It is business unusual in Zimbabwe as these men and women who are mandated by the constitution to safe guard and protect citizens instead abuse them on the orders of Mugabe and Zanu PF.
They decide what happens in Zimbabwe. In 2008 when Movement for Democratic Change president Morgan Tsvangirai trumped Mugabe in the presidential plebiscite, security sector leaders vowed never to salute anyone who had not participated in the liberation struggle.
In the early 80's Mugabe used the 5th Brigade led by Mnangagwa to quell opposition from late nationalist Joshua Nkomo in an operation named Gukurahundi were at least 20 000 people lost their lives in Matabeleland region.
Mugabe, of course, dismissed this heinous crime on humanity as a "time of madness". To date, there has been no justice for the victims and their families.
The ruling party have also used the security sector in the enforced disappearances of people who dare to speak evil of them.
Zimbabweans will remember the case of Rashiwe Guzha and Itai Dzamara, whose disappearance has all been linked to the security forces.
During the 2000 constitutional referendum when the masses voted against the constitution which had been spearheaded by the government led by commissioners like professor Jonathan Moyo, Zanu PF saw this as a slap on their face and opposition to their prolonged rule.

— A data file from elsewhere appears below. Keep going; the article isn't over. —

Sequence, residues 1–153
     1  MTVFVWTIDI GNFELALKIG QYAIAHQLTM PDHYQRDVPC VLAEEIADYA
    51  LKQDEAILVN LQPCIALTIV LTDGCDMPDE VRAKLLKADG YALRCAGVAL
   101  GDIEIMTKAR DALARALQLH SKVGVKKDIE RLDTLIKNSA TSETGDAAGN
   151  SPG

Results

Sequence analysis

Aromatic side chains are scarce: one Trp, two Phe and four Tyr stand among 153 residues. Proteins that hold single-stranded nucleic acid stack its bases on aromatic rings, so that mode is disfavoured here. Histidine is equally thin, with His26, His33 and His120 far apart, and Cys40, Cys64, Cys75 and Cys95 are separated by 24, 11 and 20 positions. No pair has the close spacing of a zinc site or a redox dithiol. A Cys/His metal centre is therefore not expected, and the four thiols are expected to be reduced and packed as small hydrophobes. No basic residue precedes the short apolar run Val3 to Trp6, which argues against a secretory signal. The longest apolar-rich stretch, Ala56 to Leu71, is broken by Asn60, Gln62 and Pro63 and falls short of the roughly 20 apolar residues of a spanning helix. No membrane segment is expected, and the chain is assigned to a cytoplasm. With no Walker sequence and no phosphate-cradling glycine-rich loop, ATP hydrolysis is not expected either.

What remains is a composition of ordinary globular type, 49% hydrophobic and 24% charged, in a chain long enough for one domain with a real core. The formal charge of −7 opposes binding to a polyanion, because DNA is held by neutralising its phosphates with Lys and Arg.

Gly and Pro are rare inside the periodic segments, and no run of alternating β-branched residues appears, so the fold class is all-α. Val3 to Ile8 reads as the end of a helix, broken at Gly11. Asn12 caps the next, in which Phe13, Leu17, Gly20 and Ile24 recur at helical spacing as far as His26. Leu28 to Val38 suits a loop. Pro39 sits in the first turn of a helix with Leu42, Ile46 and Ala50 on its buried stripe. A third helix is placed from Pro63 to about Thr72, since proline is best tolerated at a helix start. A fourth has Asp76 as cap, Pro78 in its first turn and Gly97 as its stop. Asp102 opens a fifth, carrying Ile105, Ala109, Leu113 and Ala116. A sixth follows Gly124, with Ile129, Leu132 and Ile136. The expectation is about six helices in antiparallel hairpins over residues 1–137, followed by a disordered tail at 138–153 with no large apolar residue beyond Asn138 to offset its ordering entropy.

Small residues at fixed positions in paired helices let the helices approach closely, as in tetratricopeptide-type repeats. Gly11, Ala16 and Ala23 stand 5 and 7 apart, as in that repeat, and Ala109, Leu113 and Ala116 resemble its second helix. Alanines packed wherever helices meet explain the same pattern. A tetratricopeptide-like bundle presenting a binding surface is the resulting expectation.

Mugabe's response was to unleash war veterans on white farmers, believed to be the sponsors of the Morgan Tsvangirai led Movement For Democratic Change, a party which posed the most fierce opposition to Mugabe and Zanu PF since independence.
The war veterans unleashed a reign of terror which not only saw hundreds of people losing their lives but the downfall of the Zimbabwean economy whose backbone is agriculture. At least 4000 commercial white farmers lost their land and whatever was on the land. The farms were later on distributed among Zanu PF cell phone farmers who have failed to fully utilise the land.
During the 2002 elections, it was the security forces which ensured a Mugabe and Zanu PF victory against the popular Tsvangirai and MDC through their usual methods of violence, fear and intimidation. Again hundreds lost their lives and matters were once again swept under the carpet.
In 2008 the country has once again experienced the hospitality of the security forces during the run up to the presidential run off pity Mugabe against Tsvangirai after the election results had been declared inconclusive. The MDC claims that at least 200 people lost their lives during the violence that ensued.
People had their limbs cut off and some women were raped by the members of the armed forces as punishment for supporting the MDC.
But before the violence broke out, Zimbabweans had to wait for about 6 weeks before the results of the March 2008 elections were released.
Based on our history it is evident that whoever controls the security forces has the power. And in this case, one does not need to be a rocket scientist to see where the army's alliance lies.